Trueman's argument is threefold. First, he maintains that Luther's ideas were formed and shaped by his times and were not unusual for his day. Trueman writes:
In fact, sad though it is to acknowledge, the 1543 tirade against the Jews is pretty typical of medieval and Renaissance rants against Judaism. Of course, nasty comments about Jews are the stock in trade of Christian writers right back to the Apostolic Fathers of the late first and early second centuries (e.g., The Didache; the Martyrdom of Polycarp); but by the late Middle Ages anti-Jewish diatribes were something of an established form, with their own themes and idioms. Looked at in this way, Luther is not actually doing anything unusual.
Trueman is correct. The anti-Jewish sentiment displayed by Christians during Luther's time was not anything new. Not only did it go back to the Apostolic Fathers as Trueman admits but it goes all the way back to the New Testament itself. The author of Matthew has the Jews saying: "His blood be on us and on our children!" (Matt. 27:25). In the book of Acts, the Christians consistently blame the Jews for the death of Jesus (Acts 2:23; 3:13-14; 5:30; 10:39, etc). Jews have been called "Christ-killers" since the first century.
How the fact that Luther is reflecting the thought of his times excuses him, Trueman never says. Luther was bold enough to stand against the current theological and ecclesiastical thought of his times, why couldn't he take a stand on this matter as well?
Trueman's second line of defense for Luther involves the fact that Luther's hatred for the Jews was inspired by religious issues and not racial ones. He asks the question:
Did he [Luther] write against Jews because he was racist in the modern sense? The answer is no. Race as we think of it today is really a concept of relatively modern provenance, something that arguably emerges in the nineteenth century as interest grew in biology, evolution etc. The ideology of the Holocaust was undoubtedly racist in this sense: the Nuremberg laws of 1935, which effectively paved the way in judicial terms for what became the Final Solution, made it clear that conversion to Christianity did not exempt someone: for the Nazis the matter was one of blood (albeit built on completely fallacious science) not of religion. For Luther, however, Judaism was a religious category. he had no real grasp of racial identity and no concern for the kind of racial issues which dominated Nazi ideology.
I would agree that Luther's attitude towards the Jews was inspired more by religious issues than racial ones but does that really matter? Is it any more palatable to mistreat and abuse people because of their religion than it is because of their race? The mistreatment is the problem not the reason underlying it. While the Nazi's and Luther may have had different motivations underlying their hatred for the Jews, the fact is that they were in agreement on their hatred.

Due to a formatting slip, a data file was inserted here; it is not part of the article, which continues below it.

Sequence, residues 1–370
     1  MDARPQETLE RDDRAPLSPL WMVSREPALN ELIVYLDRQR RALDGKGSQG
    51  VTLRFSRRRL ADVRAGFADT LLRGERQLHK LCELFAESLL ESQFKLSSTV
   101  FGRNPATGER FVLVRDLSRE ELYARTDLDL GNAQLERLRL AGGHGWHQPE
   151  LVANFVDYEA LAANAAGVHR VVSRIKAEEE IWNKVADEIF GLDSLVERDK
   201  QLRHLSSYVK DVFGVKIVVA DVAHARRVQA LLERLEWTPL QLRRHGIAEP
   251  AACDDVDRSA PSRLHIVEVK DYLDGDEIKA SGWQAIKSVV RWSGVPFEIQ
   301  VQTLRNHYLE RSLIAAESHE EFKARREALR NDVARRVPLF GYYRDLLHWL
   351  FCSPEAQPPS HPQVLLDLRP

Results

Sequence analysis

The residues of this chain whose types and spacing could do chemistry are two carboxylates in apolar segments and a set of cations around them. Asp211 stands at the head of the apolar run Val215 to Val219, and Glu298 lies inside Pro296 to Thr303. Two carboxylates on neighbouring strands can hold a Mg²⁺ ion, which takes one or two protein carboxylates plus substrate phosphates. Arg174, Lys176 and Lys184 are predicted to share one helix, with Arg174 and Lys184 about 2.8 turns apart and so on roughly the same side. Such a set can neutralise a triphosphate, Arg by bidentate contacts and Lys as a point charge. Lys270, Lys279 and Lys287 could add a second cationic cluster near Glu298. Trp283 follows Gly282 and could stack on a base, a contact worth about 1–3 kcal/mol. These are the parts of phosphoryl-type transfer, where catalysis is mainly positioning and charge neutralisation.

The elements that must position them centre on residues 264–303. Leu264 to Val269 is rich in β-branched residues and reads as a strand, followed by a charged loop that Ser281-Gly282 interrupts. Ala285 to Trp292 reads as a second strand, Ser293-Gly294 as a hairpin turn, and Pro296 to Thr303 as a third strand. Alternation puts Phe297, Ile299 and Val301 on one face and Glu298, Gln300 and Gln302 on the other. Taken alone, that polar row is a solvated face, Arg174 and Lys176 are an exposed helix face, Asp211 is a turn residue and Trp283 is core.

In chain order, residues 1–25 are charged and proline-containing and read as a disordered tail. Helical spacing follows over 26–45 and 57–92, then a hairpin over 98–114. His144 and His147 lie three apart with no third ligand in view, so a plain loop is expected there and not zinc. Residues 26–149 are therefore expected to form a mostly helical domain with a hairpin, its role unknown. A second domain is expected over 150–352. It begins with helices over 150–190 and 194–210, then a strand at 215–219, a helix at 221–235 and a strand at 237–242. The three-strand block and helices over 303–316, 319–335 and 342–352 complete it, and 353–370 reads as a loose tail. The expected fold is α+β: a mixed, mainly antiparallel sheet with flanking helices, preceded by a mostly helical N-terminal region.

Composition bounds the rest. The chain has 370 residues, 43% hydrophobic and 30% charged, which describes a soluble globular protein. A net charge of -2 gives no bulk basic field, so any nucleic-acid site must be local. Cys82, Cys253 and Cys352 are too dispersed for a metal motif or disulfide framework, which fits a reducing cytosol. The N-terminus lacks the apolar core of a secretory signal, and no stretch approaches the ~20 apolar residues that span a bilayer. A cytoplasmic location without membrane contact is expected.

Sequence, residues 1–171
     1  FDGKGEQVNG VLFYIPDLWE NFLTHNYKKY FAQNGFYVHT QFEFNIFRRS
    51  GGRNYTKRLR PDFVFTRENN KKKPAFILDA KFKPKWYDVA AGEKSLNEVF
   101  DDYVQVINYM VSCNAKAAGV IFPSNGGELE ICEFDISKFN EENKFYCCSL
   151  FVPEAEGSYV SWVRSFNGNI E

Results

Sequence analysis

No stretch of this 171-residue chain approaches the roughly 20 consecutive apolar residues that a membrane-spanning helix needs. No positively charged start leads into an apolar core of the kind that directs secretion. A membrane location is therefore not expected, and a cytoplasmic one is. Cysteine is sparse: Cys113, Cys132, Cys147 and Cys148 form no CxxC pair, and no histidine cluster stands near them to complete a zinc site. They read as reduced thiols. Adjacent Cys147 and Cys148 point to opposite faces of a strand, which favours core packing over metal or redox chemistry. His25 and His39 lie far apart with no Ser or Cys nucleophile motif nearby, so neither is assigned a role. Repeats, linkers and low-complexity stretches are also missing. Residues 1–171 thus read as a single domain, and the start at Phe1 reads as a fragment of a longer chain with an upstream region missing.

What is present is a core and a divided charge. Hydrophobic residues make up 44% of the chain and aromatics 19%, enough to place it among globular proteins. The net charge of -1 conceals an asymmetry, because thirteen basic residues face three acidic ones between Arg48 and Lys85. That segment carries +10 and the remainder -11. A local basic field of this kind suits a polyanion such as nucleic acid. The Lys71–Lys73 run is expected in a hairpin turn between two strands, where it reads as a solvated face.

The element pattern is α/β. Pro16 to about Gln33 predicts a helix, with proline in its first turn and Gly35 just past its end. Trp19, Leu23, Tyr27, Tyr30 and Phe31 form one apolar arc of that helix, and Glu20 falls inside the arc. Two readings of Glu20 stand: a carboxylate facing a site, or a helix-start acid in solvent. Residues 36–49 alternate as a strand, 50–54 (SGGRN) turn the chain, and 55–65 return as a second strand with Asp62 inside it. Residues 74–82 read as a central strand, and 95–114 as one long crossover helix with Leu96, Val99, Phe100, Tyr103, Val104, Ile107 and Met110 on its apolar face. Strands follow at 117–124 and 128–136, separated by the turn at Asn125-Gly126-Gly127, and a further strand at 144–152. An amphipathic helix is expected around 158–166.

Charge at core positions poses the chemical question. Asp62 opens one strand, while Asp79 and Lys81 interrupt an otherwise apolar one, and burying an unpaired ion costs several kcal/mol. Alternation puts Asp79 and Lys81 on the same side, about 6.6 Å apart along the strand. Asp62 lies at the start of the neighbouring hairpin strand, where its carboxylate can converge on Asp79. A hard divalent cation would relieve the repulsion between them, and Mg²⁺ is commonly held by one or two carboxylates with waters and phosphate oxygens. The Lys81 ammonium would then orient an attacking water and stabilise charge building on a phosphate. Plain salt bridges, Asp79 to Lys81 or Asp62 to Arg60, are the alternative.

The third line of defense for Luther is that he was caught up in a faulty eschatological scheme according to Trueman:
The reason lies with Luther's understanding of the times in which he was living. Scholars have become increasingly aware over the years that Luther is part of a late medieval culture of eschatological expectancy. To put it simply: he thought his rediscovery of the gospel was a sign that history was about to end, with the triumph of the church and the return of Christ.
This connects to his early attitude to the Jews. The 1523 treatise was written in the context of great hope for the gospel, and his advice then is to reach out to them as positively as possible, to win them for Christ. When we move forward to 1543, by contrast, Luther is old, ill, and, above all, disillusioned both by the divisions among the Reformers and the way in which the gospel has not carried all before it. In such a context, he looks for those who are responsible; and, among them, he sees the Jews, those who have the Holy Scriptures but who adamantly refuse to see Christ therein. It is this that drives him to write such a bombastically bitter and hateful treatise against them.
Once again, I fail to see how this excuses Luther. The fact that he believed the end was near suddenly makes it okay for him to call for the mistreatment and abuse of the Jews?
Trueman's purpose in his blog series seems to be to eliminate any connection between Luther's treatise on the Jews and the holocaust implemented by the Nazis. He is correct that the motivations were not precisely the same as the Nazi's, and in fairness to Luther, he did not advocate the extermination of the Jews as did Hitler, but it seems to me indisputable that Luther's writings, as well as the long tradition of anti-Semitism displayed by Christianity, laid the foundation for the awful treatment of the Jews demonstrated by the Nazis. As Avalos makes clear in his article, there is a much stronger connection between Christianity and the holocaust than there is between atheism and the holocaust.